i would first challenge you to dig a little deeper into what is you want out of a romantic partnership. intimacy, compassion, companionship, and sexual fulfillment are things gained from people—not from the title that those people hold in our lives. and it doesn’t sound to me that your life is lacking in people. you have a friend group and it sounds like you’re fairly social. you should give yourself credit for that.
what jumps out at me about your question is the ambiguity of it. you’re looking for a girlfriend or boyfriend. you’ve got a role you want to fill but you don’t have a specific person in mind. it sounds to me like you’re putting a lot of pressure on yourself and i think the people that you’re interested in may be picking up on this.
i think it’s possible that the title of romantic partner is a type of permission you feel that you need to initiate romantic interactions. to correct this, i would put the concept of—and all of the notions you have about—partnership out of your mind. the next time you’re interested in someone, make a goal to have the interaction with them that you want to have (with respect, obviously, for their comfort). maybe that interaction is a conversation, maybe it’s a compliment you want to give, maybe it’s exchanging contact information, maybe it’s a kiss. whatever it is, ask for that and understand that romantic interest is, at its best, something that develops after a great many of these interactions. and the best partnerships start a little while even after that.
i’m recently single and am having a difficult time finding a guy i’m interested in. i always seem to find something wrong with them and i’m starting to think that it’s because i’m either too picky or my heart is not open to anyone else right now. should i keep using these dating apps or give it a break?
a while back, when i was newly single, i spotted a girl on OKCupid that really struck my fancy. that app in particular provides quite a bit of information about users. after reading through this person’s many public opinions, i decided that this person was a great fit for me and i swiped right, really hoping i’d get a chance to go on a date with her.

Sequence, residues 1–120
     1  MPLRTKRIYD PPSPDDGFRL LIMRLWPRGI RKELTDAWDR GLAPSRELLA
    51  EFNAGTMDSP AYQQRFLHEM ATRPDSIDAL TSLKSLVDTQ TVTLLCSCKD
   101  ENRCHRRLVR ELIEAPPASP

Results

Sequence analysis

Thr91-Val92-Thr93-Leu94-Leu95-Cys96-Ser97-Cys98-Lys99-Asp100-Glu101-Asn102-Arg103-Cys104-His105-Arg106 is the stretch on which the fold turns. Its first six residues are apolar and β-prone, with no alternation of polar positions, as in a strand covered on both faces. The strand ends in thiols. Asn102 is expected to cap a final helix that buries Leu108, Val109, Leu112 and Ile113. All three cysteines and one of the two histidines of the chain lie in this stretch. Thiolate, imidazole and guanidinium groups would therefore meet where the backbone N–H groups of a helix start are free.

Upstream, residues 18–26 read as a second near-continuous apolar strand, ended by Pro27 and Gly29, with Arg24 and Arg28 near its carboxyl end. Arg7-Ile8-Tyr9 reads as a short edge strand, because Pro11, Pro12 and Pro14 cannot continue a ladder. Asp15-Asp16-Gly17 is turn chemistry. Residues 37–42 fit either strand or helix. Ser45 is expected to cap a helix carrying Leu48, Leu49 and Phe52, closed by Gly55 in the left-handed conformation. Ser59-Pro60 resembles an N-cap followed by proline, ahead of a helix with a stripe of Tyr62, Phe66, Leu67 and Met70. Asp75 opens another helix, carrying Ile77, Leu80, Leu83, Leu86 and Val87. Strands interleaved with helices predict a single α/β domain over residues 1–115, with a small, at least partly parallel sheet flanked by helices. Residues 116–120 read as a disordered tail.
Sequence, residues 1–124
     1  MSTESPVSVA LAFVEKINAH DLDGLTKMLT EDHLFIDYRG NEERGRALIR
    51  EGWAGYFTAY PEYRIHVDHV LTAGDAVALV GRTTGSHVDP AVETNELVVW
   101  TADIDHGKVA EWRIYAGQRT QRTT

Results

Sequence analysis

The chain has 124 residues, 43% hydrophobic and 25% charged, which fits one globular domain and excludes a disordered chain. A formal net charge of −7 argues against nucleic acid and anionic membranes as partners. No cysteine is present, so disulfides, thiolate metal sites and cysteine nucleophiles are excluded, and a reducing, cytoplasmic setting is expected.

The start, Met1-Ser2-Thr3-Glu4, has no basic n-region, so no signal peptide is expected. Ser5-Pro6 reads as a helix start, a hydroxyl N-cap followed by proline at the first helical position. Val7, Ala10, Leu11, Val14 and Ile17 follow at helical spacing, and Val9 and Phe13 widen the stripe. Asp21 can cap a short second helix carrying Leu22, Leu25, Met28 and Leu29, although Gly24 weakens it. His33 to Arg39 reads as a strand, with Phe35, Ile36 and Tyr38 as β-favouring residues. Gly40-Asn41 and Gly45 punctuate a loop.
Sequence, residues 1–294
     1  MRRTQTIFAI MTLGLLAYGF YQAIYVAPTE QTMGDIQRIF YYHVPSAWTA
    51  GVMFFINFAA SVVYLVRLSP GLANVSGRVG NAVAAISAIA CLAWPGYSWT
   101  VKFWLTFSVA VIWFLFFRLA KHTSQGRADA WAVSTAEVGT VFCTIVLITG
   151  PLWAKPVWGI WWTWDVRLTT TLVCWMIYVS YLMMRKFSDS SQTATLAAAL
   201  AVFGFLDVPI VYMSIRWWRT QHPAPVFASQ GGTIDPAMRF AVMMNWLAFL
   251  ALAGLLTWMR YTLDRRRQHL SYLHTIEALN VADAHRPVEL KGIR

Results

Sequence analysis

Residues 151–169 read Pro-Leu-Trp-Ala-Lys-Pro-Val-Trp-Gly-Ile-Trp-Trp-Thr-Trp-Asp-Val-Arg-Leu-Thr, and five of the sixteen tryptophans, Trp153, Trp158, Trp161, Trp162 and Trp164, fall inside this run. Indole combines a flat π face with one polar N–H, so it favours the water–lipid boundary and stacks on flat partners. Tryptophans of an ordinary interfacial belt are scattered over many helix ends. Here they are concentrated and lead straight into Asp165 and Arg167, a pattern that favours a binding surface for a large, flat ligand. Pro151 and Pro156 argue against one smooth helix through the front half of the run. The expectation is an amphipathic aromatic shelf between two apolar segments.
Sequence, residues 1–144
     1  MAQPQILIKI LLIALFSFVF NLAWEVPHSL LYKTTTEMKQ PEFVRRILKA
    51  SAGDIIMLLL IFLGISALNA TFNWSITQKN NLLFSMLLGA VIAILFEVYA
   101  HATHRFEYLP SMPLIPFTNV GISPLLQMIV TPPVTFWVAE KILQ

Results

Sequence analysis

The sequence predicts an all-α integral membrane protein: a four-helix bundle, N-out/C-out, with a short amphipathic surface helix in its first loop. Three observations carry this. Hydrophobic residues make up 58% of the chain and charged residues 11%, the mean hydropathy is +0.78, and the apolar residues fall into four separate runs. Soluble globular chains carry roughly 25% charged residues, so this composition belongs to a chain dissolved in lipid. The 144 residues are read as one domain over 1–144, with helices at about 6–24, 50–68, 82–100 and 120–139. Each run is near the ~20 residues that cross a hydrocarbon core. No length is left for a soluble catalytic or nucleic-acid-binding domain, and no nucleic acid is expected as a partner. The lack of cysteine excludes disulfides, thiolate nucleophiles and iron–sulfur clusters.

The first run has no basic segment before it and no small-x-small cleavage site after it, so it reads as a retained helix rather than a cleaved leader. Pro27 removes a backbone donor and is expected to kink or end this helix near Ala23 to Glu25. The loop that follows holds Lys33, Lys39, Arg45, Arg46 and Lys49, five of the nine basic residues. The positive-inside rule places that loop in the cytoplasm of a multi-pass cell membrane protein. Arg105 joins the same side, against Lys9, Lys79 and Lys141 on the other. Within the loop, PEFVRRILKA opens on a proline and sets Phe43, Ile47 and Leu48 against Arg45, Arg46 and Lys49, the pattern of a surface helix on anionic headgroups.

before we’d matched on any apps, though, i happened to run into her as it turned out she was a friend of one of my friends. reader, it is with very little hyperbole that i say to you this girl was one of the most annoying and stressful people i’d ever met.
the point of my little story is: you really can’t tell very much about a person from a dating app. especially not the ones like tinder or bumble. and when you do connect with someone on a meaningful level, it won’t be because you’re both really into Chumbawumba or because they looked really good in a denim jacket during the golden hour one fall afternoon in 2018. it’ll be for reasons that don’t fit into the 500 characters or less in your tinder bio.
that said, it is a little telling to me that you’re wanting to label many of these people as uninteresting after a few photos and a short snippet of shallow information. i’m of the belief that all relationships involve a decent amount of rounding up. my partner, for example, rounds up the fact that i always leave the hairdryer plugged in after I’m done using it even though she’s written me a nice note near the plug to unplug it when i’m done. if you can’t round a person up from a dating profile to a “unique human being with their own experiences and insights into the human condition”, that might be a sign that you aren’t ready to be looking for dates just yet.